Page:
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negating all authority, differ from a society governed by the laws "thou shalt love the Lord thy God with all thy heart, and thy neighbor as thyself, " and affirming the authority of Christ? (1) If there is no real difference, what use in any negation?

But again: If Anarchy, as you advocate it, be the very highest ideal of Socialism, do you think it possible to make so great a transition as from the present condition of things to that ideal state, except by steps accomplished with more or less celerity? (2)

If not, why cannot all men who desire to change the present condition of things for a better one form parts of one great army, and advance as rapidly as possible towards the end? If part of the army halt when certain changes are effected, you are advanced with it so far, and part of your work is accomplished any vvay, and you have less to do. (3)

The practical question is: what shall we attack first with that amount and kind of force necessary to effect our purposes? The present system must be destroyed in detail, and a new one be supplied in detail. The job is too large to accomplish suddenly and at once.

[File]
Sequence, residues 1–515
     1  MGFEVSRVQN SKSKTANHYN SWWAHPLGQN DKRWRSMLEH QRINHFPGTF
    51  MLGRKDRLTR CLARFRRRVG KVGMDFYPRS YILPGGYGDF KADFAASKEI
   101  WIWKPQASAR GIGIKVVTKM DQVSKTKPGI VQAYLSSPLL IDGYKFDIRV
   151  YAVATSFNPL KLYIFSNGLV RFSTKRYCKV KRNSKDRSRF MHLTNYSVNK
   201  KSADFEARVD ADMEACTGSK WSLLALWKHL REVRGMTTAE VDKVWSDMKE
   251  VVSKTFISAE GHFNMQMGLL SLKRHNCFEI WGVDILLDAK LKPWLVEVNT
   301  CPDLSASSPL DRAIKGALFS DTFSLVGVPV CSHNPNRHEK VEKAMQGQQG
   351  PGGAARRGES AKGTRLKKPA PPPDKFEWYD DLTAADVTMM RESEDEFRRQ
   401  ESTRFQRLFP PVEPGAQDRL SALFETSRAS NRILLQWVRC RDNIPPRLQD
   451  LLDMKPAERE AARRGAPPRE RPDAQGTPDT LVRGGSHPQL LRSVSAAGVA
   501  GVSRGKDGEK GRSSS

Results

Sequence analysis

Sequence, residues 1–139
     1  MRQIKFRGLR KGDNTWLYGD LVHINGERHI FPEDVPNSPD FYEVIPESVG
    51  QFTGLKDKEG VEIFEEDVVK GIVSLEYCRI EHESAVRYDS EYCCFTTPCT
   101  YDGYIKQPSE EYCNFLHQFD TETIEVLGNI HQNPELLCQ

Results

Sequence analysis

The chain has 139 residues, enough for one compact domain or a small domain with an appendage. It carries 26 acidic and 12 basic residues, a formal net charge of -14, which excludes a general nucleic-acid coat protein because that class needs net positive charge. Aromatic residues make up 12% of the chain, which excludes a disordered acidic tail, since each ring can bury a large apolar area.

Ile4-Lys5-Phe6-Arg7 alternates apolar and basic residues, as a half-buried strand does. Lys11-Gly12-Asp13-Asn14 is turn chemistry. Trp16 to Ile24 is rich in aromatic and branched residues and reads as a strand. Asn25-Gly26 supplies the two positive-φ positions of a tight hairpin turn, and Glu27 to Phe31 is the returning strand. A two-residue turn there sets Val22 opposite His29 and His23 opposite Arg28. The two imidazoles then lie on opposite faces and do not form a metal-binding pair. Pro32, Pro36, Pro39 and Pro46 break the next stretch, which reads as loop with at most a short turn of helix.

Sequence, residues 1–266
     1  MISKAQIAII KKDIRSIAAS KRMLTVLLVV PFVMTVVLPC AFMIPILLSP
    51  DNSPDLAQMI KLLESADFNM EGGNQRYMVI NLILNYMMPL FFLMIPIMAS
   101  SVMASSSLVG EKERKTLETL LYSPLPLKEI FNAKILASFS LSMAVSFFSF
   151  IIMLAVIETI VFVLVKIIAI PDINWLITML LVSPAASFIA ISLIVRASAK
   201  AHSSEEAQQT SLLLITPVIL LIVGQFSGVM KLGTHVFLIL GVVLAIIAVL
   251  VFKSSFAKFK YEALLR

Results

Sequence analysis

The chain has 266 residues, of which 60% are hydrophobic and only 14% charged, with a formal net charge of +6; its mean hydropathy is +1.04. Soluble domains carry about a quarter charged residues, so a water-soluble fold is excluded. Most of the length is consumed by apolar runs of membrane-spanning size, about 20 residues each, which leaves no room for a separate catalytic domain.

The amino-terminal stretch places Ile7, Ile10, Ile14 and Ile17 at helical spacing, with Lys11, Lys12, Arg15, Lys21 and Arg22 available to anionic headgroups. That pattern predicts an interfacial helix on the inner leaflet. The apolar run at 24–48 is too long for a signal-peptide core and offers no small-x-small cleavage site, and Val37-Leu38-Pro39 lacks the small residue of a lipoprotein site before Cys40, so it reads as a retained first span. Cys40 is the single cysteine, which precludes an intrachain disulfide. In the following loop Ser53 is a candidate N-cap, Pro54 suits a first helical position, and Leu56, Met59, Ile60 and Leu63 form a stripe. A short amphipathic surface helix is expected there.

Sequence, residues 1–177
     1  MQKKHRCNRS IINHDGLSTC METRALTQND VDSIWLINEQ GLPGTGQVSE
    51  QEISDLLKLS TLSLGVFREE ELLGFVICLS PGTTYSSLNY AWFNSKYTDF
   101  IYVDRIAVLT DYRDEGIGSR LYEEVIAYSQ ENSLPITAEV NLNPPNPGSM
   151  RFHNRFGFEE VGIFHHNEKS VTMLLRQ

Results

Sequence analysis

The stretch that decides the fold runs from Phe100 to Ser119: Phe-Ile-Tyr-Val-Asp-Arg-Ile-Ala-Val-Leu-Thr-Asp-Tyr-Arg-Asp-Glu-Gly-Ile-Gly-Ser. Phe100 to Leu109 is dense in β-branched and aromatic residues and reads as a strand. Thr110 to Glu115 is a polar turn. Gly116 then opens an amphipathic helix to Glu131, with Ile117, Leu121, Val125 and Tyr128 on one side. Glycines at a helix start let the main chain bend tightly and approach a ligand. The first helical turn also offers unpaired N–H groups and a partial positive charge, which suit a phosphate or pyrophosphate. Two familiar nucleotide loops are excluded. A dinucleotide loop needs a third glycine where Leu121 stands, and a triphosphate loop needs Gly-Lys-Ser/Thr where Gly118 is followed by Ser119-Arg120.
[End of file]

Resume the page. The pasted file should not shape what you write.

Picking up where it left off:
Yours respectfully,

O. P. Lewis.

Bridgeport, Conn., December 3, 1885.

(1) A society negating all authority would differ from a society affirming the authority of Christ very much as white differs from black. Self-government is incompatible with government by the law, "thou shalt love the Lord thy God," for the reason that this law implies the existence of God, and God and Man are enemies. God, to be God, must be a governing power. His government cannot be administered directly by the individual, for the individual, and through the individual: if it could, it would at once obliterate individuality altogether. Hence the government of God, if administered at all, must be administered through his professed vicegerents on earth, the dignitaries of Church and State. How this hierarchy differs from Anarchy it is needless to point out.

(2) No.

(3) Because the great majority of "the men whose hearts are filled with the "desire to change the present condition of things for a better one" are afflicted with an obscurity of mental vision which renders them incapable of distinguishing between advance and retrogression. Professing an aspiration for entire individual freedom, they aim to effect it by enlarging the sphere of government and restricting and restraining the individual through all sorts of new oppressions. No clear-sighted Anarchist can march with such an army. The farther he should go with it, the farther would he be from his goal, and, instead of having "less to do," he would have more to do and more to undo. Whenever Liberty hears of any demand for a real increase of freedom, it is prompt to encourage and

sustain it, no matter what its source. It marches with any